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no toilet training!!

Discussion in 'Early Years' started by hyssop_puppy, Oct 13, 2011.

  1. Is anyone else noticing an increased number of children arriving in Nursery who are not toilet trained?
    My Nursery teacher has a performance management target related to toilet training, along with other hygiene and independence issues!
    This year we seem to be wading in wee in Reception too, the worst year I can remember.
    Is it the fault of the EYFS insisting that we cannot refuse entry to Nursery when children are not toilet trained? My old Nursery teacher 12 years ago just wouldn't have them until they could use a toilet and parents accepted it. And they made sure their child could quite quickly to get them into school quicker.
    Parents think school will do it for them now.
     
  2. Glad it's not just me wading in wee this year! Yes, worst year I have known for it this year. We don't seem to make it through one session during the day without an 'accident'! I am a reception teacher in very middle class area with some very babied children!
     
  3. mystery10

    mystery10 Occasional commenter

    Who knows. You would need to find a peer reviewed research paper on this matter!!
    I do remember lots of boys wetting themselves in my reception class in the 60s. They were "toilet trained" but they weren't very good at it despite Terry nappies and early training.
     
  4. Looking on the bright side - I have one little girl whose mum had sent in with a spare set of everything, in case, who cleaned herself up and got changed, without seeking any adult support. First we knew was when she hung her bag of wet clothes on her peg!
    But then I have another girl who isn't telling us she's wet herself and then doing it again later. First we know there is when we're physically close enough to smell her - and she'll still deny it then. No puddles anywhere, it's bizarre!
     
  5. lizzii_2008

    lizzii_2008 New commenter

    I totally agree - I don't think it should be our responsibility to change children constantly through the day, it takes the focus away from the other children and this isn't fair.
    There is a child in my class who isn't toilet trained at all and I can't imagine she will be any time soon either, and we're often changing her 2 or 3 times a day and on the third time parents are called to collect. We're not talking just wet underwear either!
    I've another serial poo-er, and 3 or 4 others who have 'accidents' on a more frequent basis. One who doesn't tell anyone and waits until an adult notices!!
    In my class I wouldn't say its the ones that are treated like babies who have the issue but the ones who often receive a lack of parent involvement/interaction in all areas!
     
  6. NellyFUF

    NellyFUF Lead commenter

    I blame pull ups.
    In the good old days, you put them in pants and you stayed at home a few days to catch stuff and then you went carefully out not too far and held them over a drain if caught short..... hmm hmm but now parents don't want wee or poo on laminate floors or all over the car and they don't have time for a toilet training week so they use blasted pull ups and think that this will solve the problem. So often, children start toilet training then low and behold, a few days later they revert to pull ups and arrive in these leaving the nursery or school to fully toilet train.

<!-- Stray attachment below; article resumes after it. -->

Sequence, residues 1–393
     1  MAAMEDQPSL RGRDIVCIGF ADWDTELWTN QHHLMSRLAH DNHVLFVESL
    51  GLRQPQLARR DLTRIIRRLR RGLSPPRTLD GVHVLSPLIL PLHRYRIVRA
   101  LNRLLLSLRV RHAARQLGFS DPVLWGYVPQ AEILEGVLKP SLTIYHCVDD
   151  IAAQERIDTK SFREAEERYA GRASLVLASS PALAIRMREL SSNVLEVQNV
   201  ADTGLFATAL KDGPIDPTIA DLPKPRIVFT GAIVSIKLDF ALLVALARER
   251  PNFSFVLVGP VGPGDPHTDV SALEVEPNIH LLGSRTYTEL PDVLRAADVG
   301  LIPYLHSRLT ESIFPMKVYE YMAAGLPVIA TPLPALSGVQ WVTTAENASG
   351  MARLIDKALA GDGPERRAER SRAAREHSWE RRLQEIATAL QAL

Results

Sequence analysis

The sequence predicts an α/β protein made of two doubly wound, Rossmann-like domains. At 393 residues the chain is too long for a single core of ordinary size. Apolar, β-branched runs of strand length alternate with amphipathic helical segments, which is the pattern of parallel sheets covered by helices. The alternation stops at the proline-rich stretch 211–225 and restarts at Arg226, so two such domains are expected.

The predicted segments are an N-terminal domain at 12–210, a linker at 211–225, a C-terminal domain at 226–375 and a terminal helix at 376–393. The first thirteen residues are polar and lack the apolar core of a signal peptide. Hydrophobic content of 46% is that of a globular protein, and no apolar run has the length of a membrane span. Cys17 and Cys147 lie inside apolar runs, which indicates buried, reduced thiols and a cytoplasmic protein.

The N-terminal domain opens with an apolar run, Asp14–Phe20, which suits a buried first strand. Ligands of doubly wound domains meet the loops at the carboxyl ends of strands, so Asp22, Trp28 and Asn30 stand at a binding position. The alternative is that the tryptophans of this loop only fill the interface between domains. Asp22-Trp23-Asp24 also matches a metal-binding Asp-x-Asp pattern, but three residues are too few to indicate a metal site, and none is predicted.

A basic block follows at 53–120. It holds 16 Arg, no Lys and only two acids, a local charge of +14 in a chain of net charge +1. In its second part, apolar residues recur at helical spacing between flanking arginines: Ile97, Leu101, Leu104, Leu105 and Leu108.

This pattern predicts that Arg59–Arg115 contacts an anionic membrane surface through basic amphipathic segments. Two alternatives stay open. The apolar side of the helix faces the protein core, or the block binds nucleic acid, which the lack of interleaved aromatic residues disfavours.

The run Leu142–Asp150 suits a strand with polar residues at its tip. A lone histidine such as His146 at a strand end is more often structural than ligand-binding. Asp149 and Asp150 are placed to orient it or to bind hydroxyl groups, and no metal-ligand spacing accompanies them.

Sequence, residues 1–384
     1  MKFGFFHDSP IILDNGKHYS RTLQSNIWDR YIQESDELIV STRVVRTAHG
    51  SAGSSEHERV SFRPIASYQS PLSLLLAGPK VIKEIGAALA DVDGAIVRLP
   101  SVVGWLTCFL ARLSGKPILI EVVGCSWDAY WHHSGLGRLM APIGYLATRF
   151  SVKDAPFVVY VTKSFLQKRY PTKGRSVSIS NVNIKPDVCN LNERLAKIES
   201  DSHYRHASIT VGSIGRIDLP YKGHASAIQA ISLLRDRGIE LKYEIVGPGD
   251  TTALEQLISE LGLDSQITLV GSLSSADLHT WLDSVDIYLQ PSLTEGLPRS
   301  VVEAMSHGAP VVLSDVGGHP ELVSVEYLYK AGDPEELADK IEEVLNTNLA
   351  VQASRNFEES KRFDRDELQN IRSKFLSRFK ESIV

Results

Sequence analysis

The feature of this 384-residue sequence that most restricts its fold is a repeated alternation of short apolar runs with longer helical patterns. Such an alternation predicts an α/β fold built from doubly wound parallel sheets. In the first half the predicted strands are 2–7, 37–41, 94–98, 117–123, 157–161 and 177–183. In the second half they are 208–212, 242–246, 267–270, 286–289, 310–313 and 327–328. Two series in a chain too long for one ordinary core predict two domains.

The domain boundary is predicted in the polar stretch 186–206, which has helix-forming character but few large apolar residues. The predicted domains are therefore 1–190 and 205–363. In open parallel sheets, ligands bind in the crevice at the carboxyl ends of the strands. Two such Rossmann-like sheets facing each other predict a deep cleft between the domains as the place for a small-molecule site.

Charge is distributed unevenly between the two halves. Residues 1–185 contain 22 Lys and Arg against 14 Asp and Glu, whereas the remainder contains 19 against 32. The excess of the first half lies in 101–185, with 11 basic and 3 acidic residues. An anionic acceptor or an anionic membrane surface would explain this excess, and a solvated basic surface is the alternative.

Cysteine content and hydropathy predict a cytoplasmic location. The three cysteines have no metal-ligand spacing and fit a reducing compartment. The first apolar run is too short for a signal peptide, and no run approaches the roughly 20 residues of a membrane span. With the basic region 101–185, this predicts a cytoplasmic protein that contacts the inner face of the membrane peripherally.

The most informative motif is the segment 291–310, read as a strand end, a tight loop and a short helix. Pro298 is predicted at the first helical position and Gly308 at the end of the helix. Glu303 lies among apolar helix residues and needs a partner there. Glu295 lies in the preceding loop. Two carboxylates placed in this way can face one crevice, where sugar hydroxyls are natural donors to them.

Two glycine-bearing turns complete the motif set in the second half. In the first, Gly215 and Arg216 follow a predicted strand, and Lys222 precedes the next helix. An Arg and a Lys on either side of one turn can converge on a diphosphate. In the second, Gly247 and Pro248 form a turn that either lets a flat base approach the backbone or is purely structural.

And some expect nurseries to provide changes of clothes too.
    Pull ups should be banned.
     
  7. I still have this problem in reception! I find myself saying "do you need the toilet" several times a day to the worst candidates. In my experience it does get better as time goes on but that doesnt help at this stage of the year!
    I think it is the parent's responsibility to train their child and the schools job to support this process.

    www.receptionteacher.blogspot.com
     
  8. I think pull-ups have a lot to answer for, but I blame the fact that we have to accept children who are not toilet trained.
    We can use all sorts of other unreadiness reasons for limiting a child's entry to school, for them to do shorter hours, less days and building up to the full monty,but toilet training canno tbe used as a reason for why a child isn't ready.
     
  9. mystery10

    mystery10 Occasional commenter

    I know that probably over the decades toilet training in prosperous countries has become later than it traditionally was because of the nice dry feeling stuff that disposable nappies and pull-ups are now made of. So that will probably have resulted in a larger number of untoilet trained children in nursery and possibly reception. But the cost is quite prohibitive these days.
    But if you read scientific articles about night-time and day-time dryness, and study the statistics you will see that despite the most "perfect" toilet training and great effort on parents' part there will be a certain proportion of children who will not have achieved it, or not be accident free by reception. There are various different reasons, causes, and ways of ameliorating the problem over time.
    However I would suggest that a wet pull-up is not such a big deal in a child of say four or more; it's actually much more convenient all round than wet knickers, clothes, floor, furniture etc. And a child should be perfectly capable of changing their wet pull up quite easily so long as the new ones are readily available and there is a method of disposal. A soiled one is a different matter of course.
    The harder I tried with one of my children the harder it got so it definitely is not always proportional to parents' effort, time, care. I read every silly stupid article there was on toilet training too and listened to all those annoying people who tell you that you can do it in two days, a week, or a month by such and such a method, and to parents who supposedly had their little darlings perfectly toilet trained at 14 months and the like.